Elsewhere in the blogosphere this week

Markets

Sex and statistics

Marginal Revolution had the post Sex and Statistics or Heteroscedasticity is Hot which reports on the OkTrends post The Mathematics of Beauty.

The summary is that conditional on their average beauty rating, the women with more variable ratings get more interest.  The post proposes a theory that there is less competition for someone when not everyone is attracted, so they are more worthwhile to pursue.

The topic of the post is the market for love (or a proxy thereof), but could it apply to markets for assets as well?  If so, perhaps it is a piece of the volatility puzzle.

Market contest

The eFinancialCareers Investment Challenge is sponsored by Bank of America Merrill Lynch.  Registration has already opened.  The trading period is 2011 January 17 to 2011 February 18.

Economics

Forecasting

Falkenblog had the post Forecasting Charlatans. My favorite sentence:

In selling forecasts to the masses, honesty is a strictly dominated strategy.

Price changes

Tim Harford wrote Outside Edge: Of turtle doves and inflation hawks. This includes the situation of petrol (translated into American, that’s “gasoline”) prices shooting up when the price of oil rises, but slowly coming down when oil prices fall.

I have no difficulty finding evidence that people think that happens.  But the statistician in me wants to know if that really happens.  Where’s the data?

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1 Response to Elsewhere in the blogosphere this week

  1. Pat says:

    Regarding data on petrol prices, Tim Harford kindly gave links to two papers. The more interesting one for me is http://web.econ.ohio-state.edu/mlewis/Research/Lewis_hurricane_current.pdf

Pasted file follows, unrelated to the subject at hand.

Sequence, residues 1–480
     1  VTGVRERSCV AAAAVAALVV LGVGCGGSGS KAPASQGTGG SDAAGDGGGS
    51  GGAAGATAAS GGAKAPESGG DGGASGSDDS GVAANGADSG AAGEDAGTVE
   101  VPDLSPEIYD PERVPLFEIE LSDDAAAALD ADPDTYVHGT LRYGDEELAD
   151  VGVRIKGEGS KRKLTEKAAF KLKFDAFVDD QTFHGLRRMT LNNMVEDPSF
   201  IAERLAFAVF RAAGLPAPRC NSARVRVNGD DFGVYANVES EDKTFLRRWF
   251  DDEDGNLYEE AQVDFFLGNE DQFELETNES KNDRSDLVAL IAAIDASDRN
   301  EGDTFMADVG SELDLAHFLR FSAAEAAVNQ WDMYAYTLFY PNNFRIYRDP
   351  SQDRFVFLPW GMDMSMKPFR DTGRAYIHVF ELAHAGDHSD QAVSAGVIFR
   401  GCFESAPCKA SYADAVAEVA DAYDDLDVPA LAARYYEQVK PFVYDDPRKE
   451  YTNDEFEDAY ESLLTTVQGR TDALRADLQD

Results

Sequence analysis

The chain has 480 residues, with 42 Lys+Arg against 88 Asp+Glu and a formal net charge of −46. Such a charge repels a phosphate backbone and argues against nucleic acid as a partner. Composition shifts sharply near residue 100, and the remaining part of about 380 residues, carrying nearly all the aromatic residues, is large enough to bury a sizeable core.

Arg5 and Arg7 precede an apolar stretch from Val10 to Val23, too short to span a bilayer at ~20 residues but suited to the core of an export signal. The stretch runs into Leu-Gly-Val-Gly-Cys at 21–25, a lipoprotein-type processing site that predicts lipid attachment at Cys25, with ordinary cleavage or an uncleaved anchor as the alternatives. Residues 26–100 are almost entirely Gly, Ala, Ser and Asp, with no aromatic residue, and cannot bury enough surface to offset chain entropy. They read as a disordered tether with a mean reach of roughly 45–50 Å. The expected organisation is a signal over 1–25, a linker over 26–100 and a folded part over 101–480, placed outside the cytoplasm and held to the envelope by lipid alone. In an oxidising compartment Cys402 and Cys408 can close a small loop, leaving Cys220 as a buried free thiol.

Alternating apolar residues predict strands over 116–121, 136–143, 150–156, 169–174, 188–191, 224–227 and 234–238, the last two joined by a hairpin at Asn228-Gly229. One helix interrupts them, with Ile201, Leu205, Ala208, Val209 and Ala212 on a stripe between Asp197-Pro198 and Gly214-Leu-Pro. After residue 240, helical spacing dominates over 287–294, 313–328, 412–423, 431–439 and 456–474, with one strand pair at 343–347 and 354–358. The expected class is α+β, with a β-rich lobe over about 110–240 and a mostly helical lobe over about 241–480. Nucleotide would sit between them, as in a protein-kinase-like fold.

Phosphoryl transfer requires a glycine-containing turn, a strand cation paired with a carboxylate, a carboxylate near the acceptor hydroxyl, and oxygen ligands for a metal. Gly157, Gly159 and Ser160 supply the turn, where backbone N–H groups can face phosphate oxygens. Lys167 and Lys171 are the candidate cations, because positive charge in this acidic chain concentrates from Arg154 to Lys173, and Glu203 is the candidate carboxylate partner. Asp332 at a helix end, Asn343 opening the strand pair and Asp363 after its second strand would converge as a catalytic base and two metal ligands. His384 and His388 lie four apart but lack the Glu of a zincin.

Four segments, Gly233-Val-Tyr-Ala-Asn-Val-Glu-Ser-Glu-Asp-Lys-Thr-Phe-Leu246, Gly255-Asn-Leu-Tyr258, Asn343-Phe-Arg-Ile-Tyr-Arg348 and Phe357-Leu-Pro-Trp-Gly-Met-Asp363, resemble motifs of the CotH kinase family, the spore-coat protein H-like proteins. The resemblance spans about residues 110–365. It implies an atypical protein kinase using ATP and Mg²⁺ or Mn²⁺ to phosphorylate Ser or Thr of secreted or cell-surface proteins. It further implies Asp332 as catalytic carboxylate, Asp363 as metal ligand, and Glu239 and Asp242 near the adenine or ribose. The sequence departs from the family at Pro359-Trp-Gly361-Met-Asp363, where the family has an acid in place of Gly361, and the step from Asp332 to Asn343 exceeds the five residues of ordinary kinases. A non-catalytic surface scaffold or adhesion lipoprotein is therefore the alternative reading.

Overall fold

The more theoretical one is http://web.econ.ohio-state.edu/mlewis/Research/Lewis_Asymmetric_Adjustment.pdf

    The graph in the first paper shows the price of wholesale and retail gasoline over the period in which Hurricane Katrina and Hurricane Rita impacted oil prices. Retail prices do indeed fall slower than the wholesale prices. But when the spikes occur, the retail price is essentially equal to the wholesale price. So during those times the retail operators are losing money.

    The retail operators are providing a service to their customers of smoothing prices. The attention principle is perhaps a reasonable theory of why they would be forced into doing that.

    The error that the common person is likely to make is to complain about prices not falling fast, but not acknowledging that the prices didn’t rise as fast as they “should” have. This is especially true since it looks like even the wholesale spikes might go up faster than they go down.

    The really interesting thing in the paper is that some markets (cities) of retail gasoline have cyclical prices — there seems to be some sort of game theory thing happening that causes the price to cycle above and below the prices of “normal” markets.

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